With the universal presence of computers and the Internet, handwriting might not seem like an important or even relevant skill to master in our modern world. These days even shopping lists and sticky notes can be recorded on iPhones or Blackberries. Why teach our kids to write with pencils? Short of the apocalypse, we aren't likely to see PSDs or computers go away; rather, they're going to proliferate and we'll have to adapt.
While these predictions may be accurate, the most obvious response is that any skill that allows a person to excel independent of technology is probably a good one. Even more fundamentally, however, teaching kids to write well as a sure way to hone their fine motor skills in a way mashing buttons will never do. To that end, Evan-Moor Handwriting offers workbooks for students to practice their handwriting skills every day.
In the words of the publisher: "The premise behind Daily Handwriting Practice is simple and straightforward—frequent, focused practice of a skill leads to mastery and retention of that skill." Each worktext includes one 36-week schoolyear's worth of daily assignments, with half-page lessons to be completed Monday-Thursday followed by a full-page lesson on Friday.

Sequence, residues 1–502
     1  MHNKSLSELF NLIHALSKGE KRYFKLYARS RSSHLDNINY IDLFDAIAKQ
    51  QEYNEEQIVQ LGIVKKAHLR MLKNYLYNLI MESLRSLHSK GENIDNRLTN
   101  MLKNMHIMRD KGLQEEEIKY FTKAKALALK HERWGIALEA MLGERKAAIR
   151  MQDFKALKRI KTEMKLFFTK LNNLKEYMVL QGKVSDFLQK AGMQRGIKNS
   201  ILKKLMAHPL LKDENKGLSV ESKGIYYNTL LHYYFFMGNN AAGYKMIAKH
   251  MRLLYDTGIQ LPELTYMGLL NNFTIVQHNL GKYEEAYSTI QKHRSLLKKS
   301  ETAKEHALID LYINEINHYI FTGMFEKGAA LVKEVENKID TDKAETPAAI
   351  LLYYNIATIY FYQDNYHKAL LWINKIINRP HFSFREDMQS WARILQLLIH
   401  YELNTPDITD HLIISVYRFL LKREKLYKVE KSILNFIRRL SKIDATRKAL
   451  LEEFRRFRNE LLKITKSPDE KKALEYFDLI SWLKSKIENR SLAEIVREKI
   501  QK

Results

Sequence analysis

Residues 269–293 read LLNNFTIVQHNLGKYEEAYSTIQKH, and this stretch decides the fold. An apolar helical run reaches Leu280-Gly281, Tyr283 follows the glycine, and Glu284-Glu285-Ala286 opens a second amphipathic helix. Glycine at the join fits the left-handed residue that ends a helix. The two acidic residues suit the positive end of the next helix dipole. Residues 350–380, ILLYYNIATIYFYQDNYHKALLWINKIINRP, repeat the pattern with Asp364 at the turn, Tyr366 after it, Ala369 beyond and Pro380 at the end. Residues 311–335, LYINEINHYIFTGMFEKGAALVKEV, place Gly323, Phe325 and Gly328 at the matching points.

There are no frills here. Both the Contemporary Cursive and Traditional Cursive books teach a Zaner-Bloser cursive style with a few minor differences. Modern Manuscript follows the modern D'Nealian style, and Traditional Manuscript is similar to both Zaner-Bloser and Palmer manuscript. Skills covered include letter formation and placement, and letter and word spacing. Students can work on their own as all lessons are copywork-based.
These books can be used either as supplements or as a primary handwriting course. Since students will likely be getting handwriting practice in other subjects (writing essays, recording math answers, etc.), these work well as solitary supplements, reinforcing the skills kids are developing in more organic situations.
The Evan-Moor Daily Handwriting Practice books are intuitively presented and organized for both parents and students, making these an excellent choice for families who can't or don't want to spend inordinate amounts of time on a peripheral yet important subject like handwriting. Each lesson can be completed in ten to fifteen minutes, and yet it's not just busywork—kids actually learn and improve. Overall, these are an excellent resource, and one not likely to cause tension or headaches.
Review by C. Hollis Crossman
C. Hollis Crossman used to be a child. Now he is a husband and father, teaches adult Sunday school in his Presbyterian congregation, and likes weird stuff. He might be a mythical creature, but he's definitely not a centaur.Read more of his reviews here.
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